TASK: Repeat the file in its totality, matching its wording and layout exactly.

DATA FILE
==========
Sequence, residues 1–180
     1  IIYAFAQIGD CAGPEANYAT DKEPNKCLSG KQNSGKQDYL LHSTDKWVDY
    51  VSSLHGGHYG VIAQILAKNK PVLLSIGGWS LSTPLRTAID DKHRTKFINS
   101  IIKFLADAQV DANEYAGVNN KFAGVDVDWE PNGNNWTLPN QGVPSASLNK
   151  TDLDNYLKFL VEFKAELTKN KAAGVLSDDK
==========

Sequence, residues 1–180
     1  IIYAFAQIGD CAGPEANYAT DKEPNKCLSG KQNSGKQDYL LHSTDKWVDY
    51  VSSLHGGHYG VIAQILAKNK PVLLSIGGWS LSTPLRTAID DKHRTKFINS
   101  IIKFLADAQV DANEYAGVNN KFAGVDVDWE PNGNNWTLPN QGVPSASLNK
   151  TDLDNYLKFL VEFKAELTKN KAAGVLSDDK